Last week I saved a little box of 5 transparencies from the bin. They have no value apart from memory. I grew up in the 70’s and can remember if one ever visited a zoo, museum, cathedral or other such tourist attraction, there was always a visitors guide available, often printed by a company called “Woodmansterne”, who are still going strong. There was also often a little, back lit box displaying transparencies. In my day they were most often sold in a plastic strip of 4. Often cleverly crafted so that you needed to buy two strips to get the shots you wanted. They were often shots that one couldn’t take. The cathedral at night, an exhibit perfectly lit without the glass in front, something or other from the air, you get the idea. They allowed the visitor to augment a slide show with those views. They often had a “Title” slide and a “The End” available too! They were most often from a company called Walton, the set above would have predated what I remember and I’d guess date from late 50’s early 60’s.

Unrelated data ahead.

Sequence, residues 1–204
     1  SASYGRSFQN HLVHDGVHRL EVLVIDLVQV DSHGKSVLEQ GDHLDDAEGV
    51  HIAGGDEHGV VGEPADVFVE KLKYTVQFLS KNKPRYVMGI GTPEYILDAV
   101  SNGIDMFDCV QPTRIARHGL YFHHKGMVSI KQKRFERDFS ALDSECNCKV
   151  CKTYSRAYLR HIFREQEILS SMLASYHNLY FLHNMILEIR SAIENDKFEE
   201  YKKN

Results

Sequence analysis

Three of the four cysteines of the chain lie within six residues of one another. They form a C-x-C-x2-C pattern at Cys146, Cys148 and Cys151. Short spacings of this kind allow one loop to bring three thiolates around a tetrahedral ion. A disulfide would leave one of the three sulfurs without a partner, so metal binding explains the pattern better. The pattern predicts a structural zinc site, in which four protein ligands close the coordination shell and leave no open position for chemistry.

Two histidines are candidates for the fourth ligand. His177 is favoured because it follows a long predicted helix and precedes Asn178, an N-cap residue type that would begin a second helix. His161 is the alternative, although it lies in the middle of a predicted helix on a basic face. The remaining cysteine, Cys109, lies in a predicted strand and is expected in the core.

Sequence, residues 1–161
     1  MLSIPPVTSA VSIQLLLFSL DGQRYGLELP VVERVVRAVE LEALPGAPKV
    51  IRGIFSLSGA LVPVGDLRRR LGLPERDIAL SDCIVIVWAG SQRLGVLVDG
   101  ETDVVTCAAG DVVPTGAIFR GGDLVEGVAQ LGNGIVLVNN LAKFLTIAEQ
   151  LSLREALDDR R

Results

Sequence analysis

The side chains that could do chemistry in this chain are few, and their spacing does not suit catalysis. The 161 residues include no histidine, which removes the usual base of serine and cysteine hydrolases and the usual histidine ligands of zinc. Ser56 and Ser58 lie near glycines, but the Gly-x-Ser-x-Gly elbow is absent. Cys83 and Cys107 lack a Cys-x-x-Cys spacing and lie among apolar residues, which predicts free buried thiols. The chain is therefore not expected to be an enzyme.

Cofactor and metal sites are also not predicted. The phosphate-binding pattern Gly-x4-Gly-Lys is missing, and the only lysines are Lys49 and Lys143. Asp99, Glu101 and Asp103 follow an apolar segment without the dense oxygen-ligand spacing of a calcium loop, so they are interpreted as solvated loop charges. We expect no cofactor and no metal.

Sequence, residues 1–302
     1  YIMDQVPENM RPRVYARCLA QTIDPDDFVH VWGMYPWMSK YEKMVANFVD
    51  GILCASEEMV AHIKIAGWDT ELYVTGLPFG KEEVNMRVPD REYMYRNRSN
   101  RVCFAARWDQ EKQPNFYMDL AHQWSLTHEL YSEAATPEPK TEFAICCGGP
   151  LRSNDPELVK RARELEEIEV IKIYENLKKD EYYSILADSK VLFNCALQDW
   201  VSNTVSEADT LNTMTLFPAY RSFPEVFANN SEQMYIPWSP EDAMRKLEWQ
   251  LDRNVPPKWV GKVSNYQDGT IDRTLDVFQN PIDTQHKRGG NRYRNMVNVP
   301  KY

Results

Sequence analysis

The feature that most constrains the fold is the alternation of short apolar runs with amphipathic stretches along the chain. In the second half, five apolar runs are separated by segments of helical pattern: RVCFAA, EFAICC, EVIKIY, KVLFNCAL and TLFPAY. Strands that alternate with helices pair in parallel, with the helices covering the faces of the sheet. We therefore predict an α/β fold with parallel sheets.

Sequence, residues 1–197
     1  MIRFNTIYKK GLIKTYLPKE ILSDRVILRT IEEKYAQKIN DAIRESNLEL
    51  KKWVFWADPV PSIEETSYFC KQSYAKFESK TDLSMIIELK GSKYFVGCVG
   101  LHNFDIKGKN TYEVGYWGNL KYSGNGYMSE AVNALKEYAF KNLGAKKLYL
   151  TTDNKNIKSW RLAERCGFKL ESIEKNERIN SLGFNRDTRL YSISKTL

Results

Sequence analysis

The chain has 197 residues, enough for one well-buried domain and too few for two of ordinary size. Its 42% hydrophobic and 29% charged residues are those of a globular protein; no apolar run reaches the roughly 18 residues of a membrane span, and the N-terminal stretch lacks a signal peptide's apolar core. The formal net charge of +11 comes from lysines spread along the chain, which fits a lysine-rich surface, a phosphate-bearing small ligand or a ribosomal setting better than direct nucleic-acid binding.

As I got into super 8 film a few years later, I remember getting a catalogue from a local camera store who sold “Walton Films”. I believe that I am correct in saying that the “movie” side of things led to the start of the Walton business rather than the slides but I might be wrong in that! I always wanted the 200 foot “Red Arrows” in colour with sound!!
I’ve recently purchased yet another scanner, mainly so I can scan 120 to a decent quality. Unlike the other film scanner I own, this one has a “colour restoration” tab. I thought just for fun I’d give it a challenge – here is one of the slides from the set….
Although technology marches on, some of it is actually useful, and in this case, I didn’t need a degree in engineering to get it to work!